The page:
Ben here. Trying out a new series aiming to recollect seemingly random stories that I've acquired over my (so far) brief but colourful existence. These tales will be universally linked by that ever elusive, influential creative endeavour: music. To start off, we have this beast of a book.
THE REST IS NOISE
But if I'm talking about pitches and notes, scales and rhythm, then why does a book pop up? Well, simply because this behemoth single-handedly overviews music in the twentieth century comprehensively, and it does a brilliant job at it.
Part 1: Content
Within its pages, The Rest is Noise details the lives and works of artists, composers, musicians, writers and everyone from Bartók to Beatles, from Wagner to Warhol etc. Ross begins with the height of the Romantic Period, which triumphantly ends its reign with deafening operas and swooning symphonies often depicting grand tales of hedonistic characters. Blood, sex, revenge and corruption. Theatre plays at the time did not shy away from delving deep into dark emotions, and the accompanying music mirrored these primal instincts. Then onto the Roaring 20s; music during wartime; Avant-Garde of the 50s; rock, bop and everything else. Throughout its chapters, Ross depicts the internal and external influences that shaped artists and their music during these past decades: Philosophy, War, Religion, Politics, Economics, Social norms, Technology, Media and the list goes on. Needless to say, this is not light reading.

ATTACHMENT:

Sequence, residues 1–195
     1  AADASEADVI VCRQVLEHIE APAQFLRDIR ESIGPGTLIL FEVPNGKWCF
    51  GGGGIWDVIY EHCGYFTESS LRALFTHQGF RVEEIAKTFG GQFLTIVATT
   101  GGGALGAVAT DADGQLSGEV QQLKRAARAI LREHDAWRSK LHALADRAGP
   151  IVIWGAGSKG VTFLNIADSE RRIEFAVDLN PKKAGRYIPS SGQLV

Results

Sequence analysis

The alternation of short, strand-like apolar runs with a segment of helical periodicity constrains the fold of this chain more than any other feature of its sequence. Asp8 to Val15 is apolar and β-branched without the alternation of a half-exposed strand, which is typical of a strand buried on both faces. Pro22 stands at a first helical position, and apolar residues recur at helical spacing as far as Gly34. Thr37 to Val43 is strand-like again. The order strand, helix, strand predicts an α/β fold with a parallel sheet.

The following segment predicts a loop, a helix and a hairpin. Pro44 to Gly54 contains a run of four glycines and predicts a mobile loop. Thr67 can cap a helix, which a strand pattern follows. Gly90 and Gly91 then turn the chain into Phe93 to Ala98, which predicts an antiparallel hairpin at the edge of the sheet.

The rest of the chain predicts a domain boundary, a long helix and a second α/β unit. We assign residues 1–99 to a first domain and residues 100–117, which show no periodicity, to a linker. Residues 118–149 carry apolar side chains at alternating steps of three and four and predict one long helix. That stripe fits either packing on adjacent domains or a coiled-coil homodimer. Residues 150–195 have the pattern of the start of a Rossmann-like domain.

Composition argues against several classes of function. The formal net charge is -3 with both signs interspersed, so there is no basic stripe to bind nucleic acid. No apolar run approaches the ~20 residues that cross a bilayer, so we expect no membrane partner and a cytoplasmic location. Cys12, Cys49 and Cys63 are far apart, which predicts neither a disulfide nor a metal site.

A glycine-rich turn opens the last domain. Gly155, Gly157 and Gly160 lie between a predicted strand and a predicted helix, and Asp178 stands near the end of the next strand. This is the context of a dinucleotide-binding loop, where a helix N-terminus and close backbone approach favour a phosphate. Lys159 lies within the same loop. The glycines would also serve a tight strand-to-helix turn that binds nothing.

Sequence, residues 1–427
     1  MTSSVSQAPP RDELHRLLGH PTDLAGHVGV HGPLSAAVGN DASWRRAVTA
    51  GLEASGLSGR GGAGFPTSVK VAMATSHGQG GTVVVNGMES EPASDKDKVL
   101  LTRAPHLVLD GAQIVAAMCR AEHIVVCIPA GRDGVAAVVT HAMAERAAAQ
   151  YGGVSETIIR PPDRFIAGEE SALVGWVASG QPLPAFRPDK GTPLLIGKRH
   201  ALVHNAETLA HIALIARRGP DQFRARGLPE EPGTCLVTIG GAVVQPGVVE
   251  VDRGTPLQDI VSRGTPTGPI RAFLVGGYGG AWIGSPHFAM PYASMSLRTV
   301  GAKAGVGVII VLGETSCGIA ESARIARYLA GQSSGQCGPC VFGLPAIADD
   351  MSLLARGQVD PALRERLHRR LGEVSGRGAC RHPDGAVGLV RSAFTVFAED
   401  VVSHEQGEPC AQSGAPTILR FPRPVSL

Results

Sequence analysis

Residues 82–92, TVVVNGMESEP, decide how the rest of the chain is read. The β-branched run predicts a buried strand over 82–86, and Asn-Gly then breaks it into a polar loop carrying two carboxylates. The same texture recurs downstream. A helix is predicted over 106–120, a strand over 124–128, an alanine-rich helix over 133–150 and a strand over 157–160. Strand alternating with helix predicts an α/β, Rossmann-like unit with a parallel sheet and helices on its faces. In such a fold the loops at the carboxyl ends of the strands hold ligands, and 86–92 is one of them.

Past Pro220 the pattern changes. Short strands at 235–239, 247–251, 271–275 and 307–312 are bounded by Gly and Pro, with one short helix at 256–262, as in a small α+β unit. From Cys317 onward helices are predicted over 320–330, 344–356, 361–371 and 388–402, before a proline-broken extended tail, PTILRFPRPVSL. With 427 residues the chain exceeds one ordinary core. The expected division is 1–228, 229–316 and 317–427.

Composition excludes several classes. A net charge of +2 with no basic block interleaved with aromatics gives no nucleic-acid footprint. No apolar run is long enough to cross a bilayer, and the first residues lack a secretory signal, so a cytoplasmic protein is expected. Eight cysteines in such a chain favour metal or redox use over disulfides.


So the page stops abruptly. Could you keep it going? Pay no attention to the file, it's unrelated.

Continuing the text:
Part 2: Reception
How I came to acquire such a strange (and heavy) book is fairly odd but brief, nevertheless. During my teenage years, I had a chance to stay and learn at Pembroke College, University of Oxford, for an exchange program. The stay was barely a week but enjoyable and informative. I wanted to satisfy my curiosity and find out if I would be able to ever study music or musical composition at their campus, so naturally, I was directed to stern-looking yet friendly and polite (cough*posh*cough) professor. After a casual conversation, he handed me this book and advised that I should read it, and let him know what I thought of it. To my ever-lasting shame, it has been 7 years and I have not returned the book, nor have I finished it.
Part 3: Perspective
The Rest is Noise proves to be one of the most challenging and fascinating books that I have ever picked up. The magnitude of information that radiates from its carefully constructed words can be overwhelming; not to mention the listening that you can pair it with. Since it's all about music, a zealous Spotify user decided to put together all pieces mentioned in the book, and unsurprisingly, the playlist ended up being over 688 hours long. That's almost 29 days of non-stop listening! ( https://open.spotify.com/user/aidanosu/playlist/0DLoxGA8rQZsgLZNHX3gPZ )
Overall, recommended for anyone gutsy enough to dive into... how history and culture influenced the birth of atonality; how youthful renegades and mavericks tore away from classical music to find their own sound; or how tortured and inept artists created some of the most exquisite musical pieces of the twentieth century.